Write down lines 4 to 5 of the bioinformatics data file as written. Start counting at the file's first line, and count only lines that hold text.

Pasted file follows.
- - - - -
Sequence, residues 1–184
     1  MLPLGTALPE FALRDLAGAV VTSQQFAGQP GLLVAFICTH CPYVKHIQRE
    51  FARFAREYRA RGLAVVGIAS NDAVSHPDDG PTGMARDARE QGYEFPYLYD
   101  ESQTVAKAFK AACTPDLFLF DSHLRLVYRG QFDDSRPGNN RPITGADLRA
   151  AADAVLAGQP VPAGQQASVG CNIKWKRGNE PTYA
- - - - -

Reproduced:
   101  ESQTVAKAFK AACTPDLFLF DSHLRLVYRG QFDDSRPGNN RPITGADLRA
   151  AADAVLAGQP VPAGQQASVG CNIKWKRGNE PTYA